The Strokes And The Debut Albums That Changed Music, In The New Q!

Get the new issue of Q: Order a print copy of Q371 | Subscribe to Q Magazine

Download the Q digital edition for Apple NewsstandKindle FireGoogle Play & Nook


The new issue of Q celebrates a hand-picked selection of revolutionary sounds as we run through the greatest debut albums of all time, as chosen by Q’s writers (and some friends). As Q’s Ted Kessler explains in his introduction to the feature, it all began over an argument online about the merits of The Doors’ debut album. “It made me think about that opening musical statement,” he writes, “the moment a musician has been honing all of the short lives towards. The debut album. What were the debut albums that had the biggest impact, that changed the way I saw the world or most reflected it for the first time? As we started to debate the debuts that had flicked switches in each of us in the Q office, I scribbled down a list and soon had 50. Too many…” And so began the task of pulling together the mammoth feature. We speak to the creators of some of our favourite debuts, including exclusive interviews with The Jesus And Mary Chain and The Doors. James Oldham retraces the steps of The Strokes as they turned the world upside down with Is This It in 2001, Mark Blake has the inside story on Kate Bush’s The Kick Inside and Simon Goddard goes back to where it all began with Little Richard. There’s in-depth pieces on Portishead, Lady Gaga, Joy Division, The Specials, Arcade Fire and more. It’s a feature that will have you debating about the greatest debuts of all time and, trust us, the first ten you choose won’t be the ten you end up with.


Elsewhere in the issue, Sylvia Patterson pops round to Guy Garvey’s pad in Prestwich to hear how the Elbow singer is loved up and expecting his first child. He tells us about the miracle of love and the music it provokes. Simon Goddard also heads north as he braves a festival in Yorkshire in mid-January staged by Heavenly Recordings and the label’s “madman” boss Jeff Barratt. This month’s Q Maverick is Laura Marling, a veteran at just 27 of six richly philosophical albums. She tells Victoria Segal that “some artists are so ethereal they can’t function. I’m not that way inclined at all.” This month’s Cash For Questions subjects are Bastille, who are quizzed on their DIY dilemmas, embarrassing celebrity crushes and fan-fiction erotica. There’s a studio report from Future Islands, who give Dorian Lynskey an update on their forthcoming record, and James Blunt gives us his golden rules for living in 10 Commandments.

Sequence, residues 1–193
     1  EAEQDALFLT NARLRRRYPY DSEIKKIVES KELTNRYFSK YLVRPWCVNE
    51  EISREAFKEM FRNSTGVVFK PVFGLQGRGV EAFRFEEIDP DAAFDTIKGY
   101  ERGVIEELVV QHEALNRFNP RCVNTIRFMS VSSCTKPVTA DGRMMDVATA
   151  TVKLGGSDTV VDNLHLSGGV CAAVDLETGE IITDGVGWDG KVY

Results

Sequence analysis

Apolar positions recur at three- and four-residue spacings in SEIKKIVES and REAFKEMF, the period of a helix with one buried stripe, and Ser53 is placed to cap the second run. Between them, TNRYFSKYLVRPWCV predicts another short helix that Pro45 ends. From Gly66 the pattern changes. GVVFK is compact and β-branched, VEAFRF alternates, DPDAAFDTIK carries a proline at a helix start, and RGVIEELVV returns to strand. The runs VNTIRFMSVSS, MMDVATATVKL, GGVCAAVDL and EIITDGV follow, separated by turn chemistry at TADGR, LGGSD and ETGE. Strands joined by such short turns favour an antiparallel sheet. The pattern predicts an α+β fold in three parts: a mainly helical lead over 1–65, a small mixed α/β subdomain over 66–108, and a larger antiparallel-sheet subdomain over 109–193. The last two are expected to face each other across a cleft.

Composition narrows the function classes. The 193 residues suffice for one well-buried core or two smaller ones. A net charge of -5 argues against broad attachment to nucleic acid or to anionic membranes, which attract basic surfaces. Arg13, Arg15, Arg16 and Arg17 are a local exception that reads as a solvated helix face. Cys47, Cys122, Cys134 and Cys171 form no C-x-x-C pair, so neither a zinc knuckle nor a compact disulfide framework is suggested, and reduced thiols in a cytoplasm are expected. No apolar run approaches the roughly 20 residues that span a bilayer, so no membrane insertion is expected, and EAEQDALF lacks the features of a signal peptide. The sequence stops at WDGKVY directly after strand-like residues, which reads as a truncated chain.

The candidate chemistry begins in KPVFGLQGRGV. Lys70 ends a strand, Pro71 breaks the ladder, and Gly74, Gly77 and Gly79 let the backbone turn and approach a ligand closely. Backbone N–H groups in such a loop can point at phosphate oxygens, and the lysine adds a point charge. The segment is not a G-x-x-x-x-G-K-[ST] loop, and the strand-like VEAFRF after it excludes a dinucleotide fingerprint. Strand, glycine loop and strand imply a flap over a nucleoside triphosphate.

The Q Review runs the rule over new records by Sleaford Mods, The Shins, Laura Marling, Circa Waves and more, whilst Eve Barlow catches Kings Of Leon live in LA, Matt Mason is there to witness Drake become an honorary Londoner at the O2 Arena and Andrew Perry immerses himself in the chaos of feisty Mancunian punks Cabbage.





Get Q On Digital

Apple Newsstand


Google Play

Kindle Fire